The government is now looking closely at medical equipment cybersecurity. Will hospitals be even more regulated?”
By Heidi Horn
Driven by a dramatic spike in cyberattacks in recent years against hospitals, the government is now fully engaged in the discussion about how to best protect them.
The White House and Congress along with governmental agencies – including the U.S. FDA, the Department of Homeland Security, the U.S. Department of Health and Human Services (HHS), the Federal Trade Commission, and the FBI—are now all actively investigating the issue and making recommendations to mitigate the risks.
A ‘Critical’ Sector
In March 2023, the White House released its “National Cybersecurity Strategy” in which it references the protection of “critical infrastructures.” Healthcare is among the 16 critical infrastructure sectors identified by the government. The strategy document states, “While voluntary approaches to critical infrastructure cybersecurity have produced meaningful improvements, the lack of mandatory requirements has resulted in inadequate and inconsistent outcomes…Regulation can level the playing field, enabling healthy competition without sacrificing cybersecurity or operational resilience.”
This and other activities at the federal and state levels have left the healthcare technology management (HTM) community wondering if there may be more regulations headed our way surrounding medical equipment cybersecurity.
“It’s certainly a topic of conversation for many of us that lead HTM organizations,” says Barbara Maguire, vice president of quality and HTM at ISS Solutions Inc. “I think it’s not a matter if it will happen, but rather when it will happen.”
Carter Groome, MBA, CHISL, CFCHE, and CEO of First Health Advisory, agrees. He spends significant time in Washington, D.C., educating members of Congress and their staff about the state of healthcare cybersecurity and why it must be approached differently than other sectors.
“Overall, the White House can influence change, but passing a congressional bill is what will really move the needle,” Groome explains. “The guidance needs to become statute, and that’s where Congress will play their part. I think we could see some real movement in the coming months or the next Congress, with impactful, standard practices around cybersecurity that will directly impact HTM departments and patient safety.”
FDA Takes a Stance
Medical equipment manufacturers are already being held more accountable for protecting their products against cyberattacks. Spurred by a 2022 FBI report that found 53% of digital medical devices and other Internet of things devices in hospitals had known critical vulnerabilities, the FDA recently announced that it will require medical devices to meet specific cybersecurity guidelines.
Among the requirements, medical equipment manufacturers must submit a plan on how to “monitor, identify, and address” postmarket cybersecurity vulnerabilities and exploits, as well as create a process that provides “reasonable assurance” that the device and related systems are cybersecure, and make available postmarket updates and patches to the device and related systems.
In reference to the FDA’s announcement, Ty Greenhalgh, HCIPP, healthcare industry principal at Medigate by Claroty, calls it “an excellent step in reducing new risks to hospitals.” However, he concedes, challenges exist. “It doesn’t address the cybersecurity risk from millions of legacy medical technology devices, which will remain [in hospitals] for another decade.”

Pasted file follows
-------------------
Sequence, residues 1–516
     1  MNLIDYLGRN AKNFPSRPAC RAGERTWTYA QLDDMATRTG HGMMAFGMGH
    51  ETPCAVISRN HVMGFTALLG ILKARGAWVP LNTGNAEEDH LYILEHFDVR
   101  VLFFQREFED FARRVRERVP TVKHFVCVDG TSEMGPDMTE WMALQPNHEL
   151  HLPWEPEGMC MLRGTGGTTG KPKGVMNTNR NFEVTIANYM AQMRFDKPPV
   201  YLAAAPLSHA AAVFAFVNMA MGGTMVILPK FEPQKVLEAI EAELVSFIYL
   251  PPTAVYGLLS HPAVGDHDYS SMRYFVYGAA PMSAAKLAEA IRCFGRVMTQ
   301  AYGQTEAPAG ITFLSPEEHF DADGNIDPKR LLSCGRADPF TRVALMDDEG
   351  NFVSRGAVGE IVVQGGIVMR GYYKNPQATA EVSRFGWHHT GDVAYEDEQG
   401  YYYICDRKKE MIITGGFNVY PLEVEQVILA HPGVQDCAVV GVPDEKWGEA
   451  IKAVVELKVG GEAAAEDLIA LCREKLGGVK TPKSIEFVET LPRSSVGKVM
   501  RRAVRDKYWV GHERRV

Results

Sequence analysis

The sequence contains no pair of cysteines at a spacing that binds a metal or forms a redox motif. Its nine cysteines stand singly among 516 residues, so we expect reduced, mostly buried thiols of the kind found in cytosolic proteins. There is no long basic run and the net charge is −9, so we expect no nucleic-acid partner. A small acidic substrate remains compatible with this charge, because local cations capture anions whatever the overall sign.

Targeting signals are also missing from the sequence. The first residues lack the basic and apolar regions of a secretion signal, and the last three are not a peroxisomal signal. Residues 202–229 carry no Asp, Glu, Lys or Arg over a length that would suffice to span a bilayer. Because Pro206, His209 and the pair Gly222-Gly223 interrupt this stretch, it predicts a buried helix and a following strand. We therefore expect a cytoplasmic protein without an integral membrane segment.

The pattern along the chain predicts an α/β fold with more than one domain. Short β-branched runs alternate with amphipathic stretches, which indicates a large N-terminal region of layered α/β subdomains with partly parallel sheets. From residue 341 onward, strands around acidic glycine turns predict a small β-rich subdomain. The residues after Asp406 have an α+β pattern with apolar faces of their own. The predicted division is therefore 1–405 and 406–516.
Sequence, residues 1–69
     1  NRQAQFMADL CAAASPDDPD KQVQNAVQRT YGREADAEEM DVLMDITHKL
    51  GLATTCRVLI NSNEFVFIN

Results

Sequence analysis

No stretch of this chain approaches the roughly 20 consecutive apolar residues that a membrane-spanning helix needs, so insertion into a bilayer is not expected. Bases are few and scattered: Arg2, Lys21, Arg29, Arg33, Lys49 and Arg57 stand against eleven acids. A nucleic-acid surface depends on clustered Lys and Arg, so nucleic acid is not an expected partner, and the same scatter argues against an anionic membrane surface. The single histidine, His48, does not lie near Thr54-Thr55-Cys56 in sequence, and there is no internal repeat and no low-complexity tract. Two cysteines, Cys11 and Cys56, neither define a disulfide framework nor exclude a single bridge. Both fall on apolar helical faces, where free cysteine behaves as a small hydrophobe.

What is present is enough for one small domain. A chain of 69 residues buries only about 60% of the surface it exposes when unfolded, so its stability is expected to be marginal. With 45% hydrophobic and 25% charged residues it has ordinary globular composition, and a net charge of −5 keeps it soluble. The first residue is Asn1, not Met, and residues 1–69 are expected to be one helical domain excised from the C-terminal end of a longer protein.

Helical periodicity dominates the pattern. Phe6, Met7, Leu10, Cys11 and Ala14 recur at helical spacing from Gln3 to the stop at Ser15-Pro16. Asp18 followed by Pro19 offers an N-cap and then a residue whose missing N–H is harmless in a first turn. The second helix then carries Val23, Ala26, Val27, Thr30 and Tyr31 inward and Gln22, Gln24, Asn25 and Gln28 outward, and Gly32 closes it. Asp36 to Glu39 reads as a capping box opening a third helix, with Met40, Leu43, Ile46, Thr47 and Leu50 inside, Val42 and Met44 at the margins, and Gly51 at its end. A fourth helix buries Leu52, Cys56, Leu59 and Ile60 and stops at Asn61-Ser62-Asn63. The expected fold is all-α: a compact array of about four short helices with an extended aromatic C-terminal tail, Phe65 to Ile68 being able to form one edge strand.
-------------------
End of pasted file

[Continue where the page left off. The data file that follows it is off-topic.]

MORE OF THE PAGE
Both Groome and Greenhalgh have been members of HHS’ 405(d) Work Group and the Health Sector Coordinating Council’s Cybersecurity Working Group (HSCC CWG) since 2017. The Working Group produced “Cybersecurity Practices for Small, Medium, and Large Healthcare Organizations,” as well as the March 2023 release of its “Managing Legacy Technology Security” guide.
“The government and private sector are all working together in an unprecedented collaboration at never-before-seen speeds,” Greenhalgh says. “I would like to think this will be a collaboration of the best ideas involving the parties that are best suited to determine particular requirements.”
Groome concurs. “The policymakers in Washington do seem to be motivated in working across the aisle to benefit healthcare and the communities they serve,” Groome says. “There is clear common ground on providing support for improving patient safety, public safety, and ultimately national security.”
Those in the HTM industry are eager to find out what new laws and regulations may be headed their way. “There are so many vendors and guidelines these days that say they can solve all your medical equipment cybersecurity needs,” Barbara Maguire says. “The guidance documents from the HHS CWG provides a solid framework. However, [healthcare delivery organizations] shouldn’t wait for regulation. They should be asking their HTM providers what strategies they are employing today to ensure the security of medical devices they manage.”
Suffice it to say that Maguire practices what she preaches. “We’ve already incorporated training for all ISS Solutions technicians to ensure they understand their important role in medical device security,” she says.
Heidi Horn,MA, AAMIF, is president of Heidi Horn HTM Consulting. Horn has been an active member of the Association for the Advancement of Medical Instrumentation (AAMI) since 2005 and currently serves on the AAMI Board of Directors Executive Committee as treasurer.
- Source: Federal Bureau of Investigation Cyber Division September 12, 2022 report 220912.pdf (ic3.gov)
- Source: Cybersecurity in Medical Devices: Refuse to Accept Policy for Cyber Devices and Related Systems Under Section 524B of the FDC Act (fda.gov)